Edward Clark was converted to classical music at the age of 13 by his violin teacher at Haileybury College. This was also the same year that the Beatles hit the world stage and he retains a love for both. His teacher, David Thompson, performed the concertos by Beethoven and Sibelius and was instrumental in introducing Sibelius to Edward. A year later the BBC visited him at school for an interview after he had requested a performance of the Third Symphony for broadcast that evening. As luck would have it the symphony was relayed during the weekly music class!
He studied conducting under Maurice Miles in his twenties and later with Matthew Taylor, celebrating his 50th birthday conducting works by Sibelius and Mozart in London. His career was in the global financial markets, travelling the world with Citibank NA. Later he became an executive search director before establishing his own search firm which he named after his mother’s maiden name, Tallis and Thomas Tallis, the great Reformation English composer. He was a council member of the London Symphony Orchestra for four years in the 1990’s, helping the orchestra to raise funds for the Tender is the North Festival, London in 1992. His efforts covered the cost of the Sibelius symphony cycle conducted by Sir Colin Davis.
Edward became President of the UK Sibelius Society in 1990. He was awarded the Sibelius Medal in 1992 and was appointed, by the Finnish government, Knight of the Order of the Lion of Finland in 2018 for services to Sibelius and Finnish music.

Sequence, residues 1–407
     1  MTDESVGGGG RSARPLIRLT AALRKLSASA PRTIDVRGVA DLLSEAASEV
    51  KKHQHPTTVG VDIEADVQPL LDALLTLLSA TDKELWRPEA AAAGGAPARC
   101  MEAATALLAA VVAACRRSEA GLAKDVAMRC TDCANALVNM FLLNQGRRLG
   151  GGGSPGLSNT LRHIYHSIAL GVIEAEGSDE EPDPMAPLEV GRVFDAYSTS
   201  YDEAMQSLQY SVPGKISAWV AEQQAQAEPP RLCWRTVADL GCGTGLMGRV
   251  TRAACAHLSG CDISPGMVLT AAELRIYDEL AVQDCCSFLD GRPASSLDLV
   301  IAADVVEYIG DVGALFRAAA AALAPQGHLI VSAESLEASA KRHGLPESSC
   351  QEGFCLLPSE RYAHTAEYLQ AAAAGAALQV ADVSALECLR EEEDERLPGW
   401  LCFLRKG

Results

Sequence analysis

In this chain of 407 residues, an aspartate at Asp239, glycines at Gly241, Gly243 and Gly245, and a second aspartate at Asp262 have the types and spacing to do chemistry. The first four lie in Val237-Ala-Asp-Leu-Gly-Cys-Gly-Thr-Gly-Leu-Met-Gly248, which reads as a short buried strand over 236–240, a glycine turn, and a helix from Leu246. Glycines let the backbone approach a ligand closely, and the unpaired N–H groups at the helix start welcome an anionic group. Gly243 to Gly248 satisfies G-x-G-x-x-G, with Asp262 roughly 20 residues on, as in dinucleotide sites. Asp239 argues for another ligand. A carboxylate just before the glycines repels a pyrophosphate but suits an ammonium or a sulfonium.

In retirement he has travelled widely to promote the music of Sibelius and Finnish composers. He gives lectures and produces seminars in Great Britain and elsewhere. He has produced three Festivals of British Music in St Petersburg and the first Padstow Festival, celebrating Sir Malcolm Arnold and Sir John Betjeman, both of whom were residents there. In addition, he has been invited to become Manager to four English composers: Sir Malcolm Arnold, Matthew Taylor, Edward Gregson and David Matthews.
The Sibelius society’s first concert, held in London in 1992 performed the then rare Six Humoresques for Violin and Orchestra along with the Third Symphony. Later the society produced what is still probably the only recital in London dedicated to the songs of Sibelius, held at the Wigmore Hall, London with the great Finnish baritone, Jorma Hynninen. Many concerts have been held with the cooperation of the Finnish Embassy in London and the British Embassy in Helsinki. Sibelius’s works are often contrasted with works by contemporary composers who admire his music and who are influenced by it. It is a long list. In 1998 he organised a two-day seminar, The Forest’s mighty God, with guest speakers from Finland, Italy, Germany, France and Great Britain. Other contributors included composers, biographers and performers.
He was Chairman of the Young Musicians Symphony Orchestra and raised funds to perform Mahler’s Eighth Symphony, Schoenberg’s Gurrelieder, The Music of Dawn by David Matthews (a Unilever commission), Robert Simpson’s Fifth Symphony and other large-scale works.
He was Chairman of the Barnes Music Society, helping to rescue it from bankruptcy with imaginative and attractive programmes. In this role he became a founder committee member for the Barnes Music Festival in which he programmed premieres by Robert Still and Jim Parker.
His private commissions include works by Sir John Tavener, David Matthews, Matthew Taylor and a 40 Part Motet by Markus Tristan Heathcock.
Edward has written Sibelius Reflections, to express his admiration and love for Sibelius and to publish the many articles he has written for the society Newsletter. He includes a full biography of Sibelius with many less well-known aspects included. He has overseen various publications and CDs made available through the society.